“Embracing the shrinkage” in Youngstown, Ohio

Some interesting thinking from Youngstown, where city leaders have apparently decided to “stop trying to return [the city] to its glory days as a city of 170,000 people and instead embrace the idea that maybe smaller is better.” Smaller, in this case, means the city has now adopted an official goal of retaining the 66,000 who are left.

There is apparently a CDC called the Youngstown Neighborhood Development Corporation tasked with “identify[ing] the healthiest neighborhoods and fix[ing] up the houses there, while demolishing abandoned ones and finding new uses for the land.”

But anyway, I clicked on this article in my Facebook feed because of this picture:

It jumped out at me because it reminded me of something I’ve been hearing at various meetings and conferences where the subject of what I guess one could call West Virginia’s “shrinkage” comes up. Basically, it’s the idea that—not to overlook the very real pain that this shrinkage is causing—there is a bright side. That is, for the right kind of person, it can be very exciting to be in a place where the future is very much an open book—very exciting, that is, to feel like you could be one of the authors.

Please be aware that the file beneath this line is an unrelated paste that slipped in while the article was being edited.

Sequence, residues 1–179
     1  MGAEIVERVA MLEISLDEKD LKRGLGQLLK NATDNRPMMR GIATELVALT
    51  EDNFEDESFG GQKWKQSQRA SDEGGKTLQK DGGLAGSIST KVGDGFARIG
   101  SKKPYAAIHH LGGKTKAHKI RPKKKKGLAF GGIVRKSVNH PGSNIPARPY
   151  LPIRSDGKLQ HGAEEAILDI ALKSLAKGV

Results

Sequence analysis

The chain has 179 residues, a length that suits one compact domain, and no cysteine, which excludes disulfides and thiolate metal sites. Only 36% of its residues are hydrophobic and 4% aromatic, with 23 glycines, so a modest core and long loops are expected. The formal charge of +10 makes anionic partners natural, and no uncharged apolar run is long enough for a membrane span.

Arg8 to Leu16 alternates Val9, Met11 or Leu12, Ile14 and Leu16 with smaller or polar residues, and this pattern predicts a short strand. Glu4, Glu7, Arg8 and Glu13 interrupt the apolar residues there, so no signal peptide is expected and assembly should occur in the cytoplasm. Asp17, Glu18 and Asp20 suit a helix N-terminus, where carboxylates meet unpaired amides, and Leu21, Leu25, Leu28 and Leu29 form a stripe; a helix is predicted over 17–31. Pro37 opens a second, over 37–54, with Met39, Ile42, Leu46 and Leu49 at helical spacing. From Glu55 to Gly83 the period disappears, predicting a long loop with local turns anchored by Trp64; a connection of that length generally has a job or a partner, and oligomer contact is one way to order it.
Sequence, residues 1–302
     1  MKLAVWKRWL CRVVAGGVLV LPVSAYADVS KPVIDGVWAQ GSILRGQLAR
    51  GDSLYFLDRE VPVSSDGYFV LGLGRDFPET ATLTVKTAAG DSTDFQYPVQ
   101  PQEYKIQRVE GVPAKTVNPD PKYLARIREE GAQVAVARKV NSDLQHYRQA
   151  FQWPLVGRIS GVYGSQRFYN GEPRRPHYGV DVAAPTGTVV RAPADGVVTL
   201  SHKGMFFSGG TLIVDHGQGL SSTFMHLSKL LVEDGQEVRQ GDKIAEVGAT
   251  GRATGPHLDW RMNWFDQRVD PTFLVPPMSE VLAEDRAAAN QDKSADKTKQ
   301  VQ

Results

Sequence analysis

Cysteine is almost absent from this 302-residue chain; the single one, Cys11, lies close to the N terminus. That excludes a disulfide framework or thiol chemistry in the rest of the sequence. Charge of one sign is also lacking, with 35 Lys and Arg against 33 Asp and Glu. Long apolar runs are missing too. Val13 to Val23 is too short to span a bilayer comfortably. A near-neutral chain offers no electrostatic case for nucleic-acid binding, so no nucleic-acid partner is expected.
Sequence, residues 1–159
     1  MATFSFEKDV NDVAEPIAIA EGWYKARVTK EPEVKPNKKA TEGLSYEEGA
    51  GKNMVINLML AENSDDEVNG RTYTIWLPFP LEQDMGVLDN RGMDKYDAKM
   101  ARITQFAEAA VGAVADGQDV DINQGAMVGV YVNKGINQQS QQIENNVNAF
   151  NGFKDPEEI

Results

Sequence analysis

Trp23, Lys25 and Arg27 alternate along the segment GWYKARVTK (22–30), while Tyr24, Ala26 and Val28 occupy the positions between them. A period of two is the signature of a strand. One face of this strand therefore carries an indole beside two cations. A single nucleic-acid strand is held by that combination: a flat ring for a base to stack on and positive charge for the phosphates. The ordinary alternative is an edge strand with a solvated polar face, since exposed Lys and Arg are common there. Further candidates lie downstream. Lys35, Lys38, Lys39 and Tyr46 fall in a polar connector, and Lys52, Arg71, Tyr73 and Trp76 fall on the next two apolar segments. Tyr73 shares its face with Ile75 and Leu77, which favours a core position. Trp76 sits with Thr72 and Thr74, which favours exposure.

In a recent email exchange, I asked Natalie Roper, director of Generation West Virginia—an organization working on attracting and retaining young talent in our state—what it is about the current moment in West Virginia that is appealing to so many creative, entrepreneurial young people. Here’s what she said:

“I think it’s the potential, that feeling of being a part of something big in West Virginia as we start to reimagine our self as a state in this economic transition. According to The Young and Restless in a Knowledge Economy, a CEOs for Cities report, places with a sense of possibility and where new ideas are welcomed are more likely to attract and retain young adults. There’s an urgency paired with a sense of excitement in the possibilities that leads a work environment that’s inspiring and invigorating. That opportunity to be a part of choosing West Virginia’s future is incredibly appealing to this impact-driven and entrepreneurial generation.”

That picture from Youngstown looks like a piece of a marketing campaign aimed exactly at young people with this kind of mindset. Maybe our state needs to take a look at the Youngstown plan. Maybe this is our pitch: “YOU can help build the West Virginia of the future.”


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